Dodging Bullets vs. Shooting Them

By bullets I mean unwanted, unyielding change. By dodging I mean dodging. By shooting I mean effecting. This, then, is the title with which I catalogue the past year and a half, not only my own life, but of many of those close to me.

There may be cosmic reasons for the dodging, the shooting. If you add up the digits in 2016 you end up with 9, which according to numerology is the number of finality. But if you add up 2017 you get a 1, from whence the infinite is launched. Going from end to start, and not the other way around, is sloppy. Sloppy, sloppy.

The Chinese calendar had 2016 as a monkey and 2017 as a rooster. Both are highly annoying animals, at the very least acoustically.

Then there is my blood type. O-, the universal donor bitch. But that is a bad example of what I am trying to get at. My point is that there is something amiss in the air these past few years. Something smells, and it is recent and I am not the only one holding her nose.

What is going on?

America had a perfectly decent terrible candidate to elect, and instead elected an armed child. Beer sales are dropping in poor countries. All clothes look the same. Sorrow is the city, is the suburb, is the soon-to-open train.

I wish I knew what the lesson was. So I could learn it enough to play the shooting game.

 

 

 

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On Female Punctuation (!!!!!)

art text painting

Ed Ruscha’s unpunctuated “OOF”

For several weeks, I’ve been thinking about the exclamation mark and its odd relationship to gender. Why is it that intra-female communication is so lavishly punctuated by exclamation marks? Why do women seem to feel, or perhaps feign, so much excitement whilst exchanging short, declarative sentences?

My husband does not reply to simple “yes” or “no” questions with a “Yes!!!!” or a “No!!!!!” His no is a “No.” His yes a “Yes.”

Males do not replace “Ok” with “Okkkkkk!!!!!!!” Nor do they feel the need to effusively give their “Thanks!!!!!!!!”

Of course, the easy answer to the question of why this happens is that modern girls continue to be sickened by the disease to please, even each other. Or, indeed, especially each other. But, I hesitated writing about the subject because I felt that the disease to please was actually not at play here and that the true understanding of this phenomenon eluded me.

And it did, until today.

While visiting a rather unimpressive Banksy exhibit in Amsterdam’s Moco Museum, I was struck by how his works were sucked of all urgency when taken out of their intended context: the tumult of the street. Framed by stained glass in an antique museum, his works seemed trite, facile, t-shirt copies of themselves.

I realized that the same thing happens to female texting when taken out of the urgency of the moment: when read after the fact, heavily punctuated phrases become vapid, unnecessary, insecure and exhausting.

But in the immediacy of its creation, exclamatory female dialogue is actually symptomatic of a compelling need to express a sisterly bond as well as a deep appreciation for the other’s time and energy. The excitement transmitted by overzealous punctuation serves to acknowledge the deep gratitude that is generated by the very existence of such exchange within the context of the hyper-hectic life of the urban female.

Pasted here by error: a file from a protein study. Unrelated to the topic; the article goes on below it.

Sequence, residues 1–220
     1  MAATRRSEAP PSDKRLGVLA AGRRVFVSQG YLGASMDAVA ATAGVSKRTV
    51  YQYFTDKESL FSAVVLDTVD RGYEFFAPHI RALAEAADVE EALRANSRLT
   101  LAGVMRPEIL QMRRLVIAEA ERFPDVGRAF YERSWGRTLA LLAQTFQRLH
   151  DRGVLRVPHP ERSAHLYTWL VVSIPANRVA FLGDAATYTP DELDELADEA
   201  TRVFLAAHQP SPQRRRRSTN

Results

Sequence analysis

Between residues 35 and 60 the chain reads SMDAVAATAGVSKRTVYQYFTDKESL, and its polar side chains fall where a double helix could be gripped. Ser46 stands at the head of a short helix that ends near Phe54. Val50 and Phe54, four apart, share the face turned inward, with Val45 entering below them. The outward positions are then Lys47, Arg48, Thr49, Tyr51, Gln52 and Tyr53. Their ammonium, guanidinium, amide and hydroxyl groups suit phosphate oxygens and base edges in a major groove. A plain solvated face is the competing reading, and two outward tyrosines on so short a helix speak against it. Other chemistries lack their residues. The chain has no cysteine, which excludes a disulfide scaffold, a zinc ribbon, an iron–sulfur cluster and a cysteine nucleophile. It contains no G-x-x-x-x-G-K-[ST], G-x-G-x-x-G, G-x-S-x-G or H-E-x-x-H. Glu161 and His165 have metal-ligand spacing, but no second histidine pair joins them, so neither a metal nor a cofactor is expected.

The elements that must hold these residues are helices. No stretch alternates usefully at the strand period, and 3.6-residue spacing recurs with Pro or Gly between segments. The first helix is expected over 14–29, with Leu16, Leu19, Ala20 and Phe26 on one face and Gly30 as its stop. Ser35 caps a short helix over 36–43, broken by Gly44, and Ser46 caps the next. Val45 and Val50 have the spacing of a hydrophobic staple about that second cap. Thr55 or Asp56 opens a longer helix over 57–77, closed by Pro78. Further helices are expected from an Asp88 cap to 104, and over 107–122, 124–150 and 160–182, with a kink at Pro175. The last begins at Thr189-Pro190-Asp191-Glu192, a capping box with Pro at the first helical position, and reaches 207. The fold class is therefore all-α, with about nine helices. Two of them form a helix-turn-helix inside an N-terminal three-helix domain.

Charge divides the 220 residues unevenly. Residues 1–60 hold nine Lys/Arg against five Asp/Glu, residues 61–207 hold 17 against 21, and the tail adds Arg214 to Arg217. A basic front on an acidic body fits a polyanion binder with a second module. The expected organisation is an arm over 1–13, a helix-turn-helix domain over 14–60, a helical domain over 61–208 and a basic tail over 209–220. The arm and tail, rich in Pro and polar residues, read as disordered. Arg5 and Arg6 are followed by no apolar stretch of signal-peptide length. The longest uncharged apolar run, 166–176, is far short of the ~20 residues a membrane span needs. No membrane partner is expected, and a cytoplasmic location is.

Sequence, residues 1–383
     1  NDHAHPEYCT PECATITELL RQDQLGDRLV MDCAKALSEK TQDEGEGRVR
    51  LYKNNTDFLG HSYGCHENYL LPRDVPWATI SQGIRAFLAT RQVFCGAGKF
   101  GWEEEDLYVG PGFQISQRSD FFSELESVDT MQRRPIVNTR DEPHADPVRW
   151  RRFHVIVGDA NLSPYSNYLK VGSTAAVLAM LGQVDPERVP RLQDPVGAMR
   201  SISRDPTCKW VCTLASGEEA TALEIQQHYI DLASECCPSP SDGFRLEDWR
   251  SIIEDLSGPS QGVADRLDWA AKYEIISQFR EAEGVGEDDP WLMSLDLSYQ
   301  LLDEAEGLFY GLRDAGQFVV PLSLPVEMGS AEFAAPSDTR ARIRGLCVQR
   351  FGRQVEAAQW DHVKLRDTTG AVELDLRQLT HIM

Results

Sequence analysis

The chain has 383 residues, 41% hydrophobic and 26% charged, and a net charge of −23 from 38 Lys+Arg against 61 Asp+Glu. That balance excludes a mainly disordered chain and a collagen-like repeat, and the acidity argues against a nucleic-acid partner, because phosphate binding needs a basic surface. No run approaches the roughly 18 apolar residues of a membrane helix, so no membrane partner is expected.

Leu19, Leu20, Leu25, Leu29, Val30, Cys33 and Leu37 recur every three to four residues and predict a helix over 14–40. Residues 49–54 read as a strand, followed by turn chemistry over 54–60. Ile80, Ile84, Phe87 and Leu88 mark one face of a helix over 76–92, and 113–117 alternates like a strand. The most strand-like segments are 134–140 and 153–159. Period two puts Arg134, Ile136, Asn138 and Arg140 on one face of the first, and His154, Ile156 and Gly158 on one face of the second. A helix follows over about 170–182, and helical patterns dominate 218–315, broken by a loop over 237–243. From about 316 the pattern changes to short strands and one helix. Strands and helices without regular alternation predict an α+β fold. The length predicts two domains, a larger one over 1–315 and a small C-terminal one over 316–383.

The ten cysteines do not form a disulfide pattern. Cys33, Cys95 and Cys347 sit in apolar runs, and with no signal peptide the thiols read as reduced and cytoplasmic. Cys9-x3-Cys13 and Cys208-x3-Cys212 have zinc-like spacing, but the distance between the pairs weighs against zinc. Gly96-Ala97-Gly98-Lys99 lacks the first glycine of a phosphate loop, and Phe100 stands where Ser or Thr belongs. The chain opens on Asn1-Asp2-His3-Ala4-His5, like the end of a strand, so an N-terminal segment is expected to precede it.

So, yes!!!!!, when a friend takes the time to answer a mid-day question, I am honored. Yes!!!!! it is really exciting to be texting with someone who has several children, a marriage, a boss and fridge to keep happy. Yess!!!! I urgently want to say Thank you!!!!! when this person suggests a good doctor, restaurant, vitamin, or indestructible iPad case.

It is a relief to realize that female over-punctuation is nothing to be ashamed of but, rather, celebrated as an expression of the confident and generous collaboration between she who gives and she who receives.

 

 

 

 

Olympic Medal Grounds

unknownAlong with over 60% of the world’s population, I watched the Olympics last summer. For me, lonely athletic greatness is the ultimate tear-jerker. And I am a sucker for painless ways to cry. But, I just couldn’t get behind all the flags, all the anthems, all the medal counts. Each awards ceremony felt oppressive, itchy, and, yes, embarrassing.

As much as I enjoyed crying when the first Puerto Rican heard her national anthem on the Olympic podium or when my few fellow Colombians felt the weight of gold around their necks, I much more enjoyed watching them do their thing on the court, field, pool, track. I much preferred witnessing that sudden instant of triumph, like when Simone Manuel realized she had won gold, than watching jump-suited athletes choke back orchestrated tears on the stage. For me it’s ultimately a “don’t love the game, love the player” kind of thing.

Classifying athletes by nationality feels off. It feels old, even creepy, as if a third world war is somehow looming around the corner.  One obvious reason is that not all countries deserve so much credit.  Sure, most nations pay their Olympians a per win bonus. In the case of Colombia, for example, each gold medal winner gets 165 million pesos, which is a respectable amount of local currency. But, really, this sum is nothing when placed on the other side of the work/time equation.

An even bigger question for me is why athletes jump at the chance to give their countries so much credit. Is country really a reason to hit the gym in the morning? Or, is there simply no better way to classify athletes other than birthplace?

Classifying them by humility would be great. Or by kindness, by altruism. Then the Olympics could really own the claim of hard win over easy bad, instead of diluting itself into another day of the US v. China thumb wrestling medal grounds.